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NFL Goes Pink for Breast Cancer Awareness Month


“A Crucial Catch” Campaign

Sunday’s televised sports, dominated by the National Football League, has changed its tone for October. The gridiron green remains the same, but the muscled players and their coaches now are peppered in pink.

For the entire month, professionals on field, as well as the usually black-and-white-only referees, will celebrate Breast Cancer Awareness Month by donning the community-awareness movement’s signature color.

The NFL campaign, called “A Crucial Catch,” focuses on the importance of annual mammograms for women age 40 and older.

Green Bay Packers v Baltimore Ravens

“The NFL, its clubs, players, the NFL Players Association and the American Cancer Society are committed to saving lives from breast cancer, and addressing the unequal burden of cancer in underserved communities,” according to the NFL initiative.

The campaign is taking place in conjunction with the American Cancer Society. The pink apparel, equipment, gloves and other items worn during games will be auctioned off by the NFL, with proceeds benefiting the society’s Community Health Advocates implementing Nationwide Grants for Empowerment and Equity (CHANGE) program. The program funds grants that bring free and / or low-cost screenings to communities and educate women about the benefits of early detection. The 2014 screenings will take place in all 32 of the NFL’s team markets Oct. 25.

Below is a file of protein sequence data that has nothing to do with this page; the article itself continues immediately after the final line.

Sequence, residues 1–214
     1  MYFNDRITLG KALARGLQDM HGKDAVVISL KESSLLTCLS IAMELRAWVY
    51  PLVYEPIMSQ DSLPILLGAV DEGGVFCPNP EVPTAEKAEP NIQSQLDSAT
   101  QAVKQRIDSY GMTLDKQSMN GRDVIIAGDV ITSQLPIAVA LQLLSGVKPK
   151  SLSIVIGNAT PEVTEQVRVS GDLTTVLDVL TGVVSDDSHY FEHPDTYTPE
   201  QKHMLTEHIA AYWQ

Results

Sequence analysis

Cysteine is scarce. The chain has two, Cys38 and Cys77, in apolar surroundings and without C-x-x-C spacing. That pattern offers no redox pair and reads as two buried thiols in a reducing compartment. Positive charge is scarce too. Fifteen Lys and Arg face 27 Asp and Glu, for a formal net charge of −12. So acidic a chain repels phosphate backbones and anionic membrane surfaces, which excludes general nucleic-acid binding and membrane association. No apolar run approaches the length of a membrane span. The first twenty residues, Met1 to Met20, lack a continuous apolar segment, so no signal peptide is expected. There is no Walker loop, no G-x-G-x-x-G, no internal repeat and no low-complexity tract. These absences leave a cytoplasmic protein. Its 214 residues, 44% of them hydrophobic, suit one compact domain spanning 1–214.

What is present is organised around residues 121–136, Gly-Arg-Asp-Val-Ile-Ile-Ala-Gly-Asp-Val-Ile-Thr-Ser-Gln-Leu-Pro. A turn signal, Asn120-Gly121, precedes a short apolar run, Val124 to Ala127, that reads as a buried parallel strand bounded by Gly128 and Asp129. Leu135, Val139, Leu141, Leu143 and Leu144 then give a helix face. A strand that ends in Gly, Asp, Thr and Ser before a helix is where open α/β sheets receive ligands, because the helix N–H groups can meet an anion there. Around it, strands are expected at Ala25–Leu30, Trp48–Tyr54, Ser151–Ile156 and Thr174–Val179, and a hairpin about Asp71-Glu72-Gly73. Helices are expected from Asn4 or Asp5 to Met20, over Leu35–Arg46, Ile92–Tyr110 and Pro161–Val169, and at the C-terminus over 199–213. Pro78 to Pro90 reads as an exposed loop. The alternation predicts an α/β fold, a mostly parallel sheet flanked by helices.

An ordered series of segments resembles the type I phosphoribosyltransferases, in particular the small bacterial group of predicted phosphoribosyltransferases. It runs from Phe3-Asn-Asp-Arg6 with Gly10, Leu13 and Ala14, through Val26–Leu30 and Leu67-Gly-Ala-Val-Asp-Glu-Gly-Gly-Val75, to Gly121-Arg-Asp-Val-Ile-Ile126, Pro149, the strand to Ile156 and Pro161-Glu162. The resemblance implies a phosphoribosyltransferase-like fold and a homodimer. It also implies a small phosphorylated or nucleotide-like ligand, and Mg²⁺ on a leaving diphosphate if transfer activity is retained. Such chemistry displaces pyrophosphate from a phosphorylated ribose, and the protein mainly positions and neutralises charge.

A Missouri woman said she owes her life to the campaign. On Oct. 6, 2013, Beth Steele attended a Patriots-Bengals game in Cincinnati with husband T.J. and couldn’t miss the girly glow on the grass coming from cleats, coins, hats, towels and more.

“I thought of that as a marketing scheme,” Steele, a married mother of four, said on NBC’s Today. “But something about all the pink, it did make me go home that night and do a self-breast exam.”

The 36-year-old felt a lump and immediately made an appointment for a mammogram.

Steele told Today, “The radiologist said, ‘You have massive and aggressive breast cancer. You need to be seen immediately.’ I didn’t even check out with the nursing staff, I just walked down three flights of stairs where T.J. was sitting in the minivan, walked around the car so the kids couldn’t see me, and literally laid on the ground and just started sobbing.”

After undergoing surgery, her doctor gave her an excellent prognosis.

“If the Patriots had been in town a different month that year, I would not have found my breast cancer,” Steele said. “I would not have survived.”

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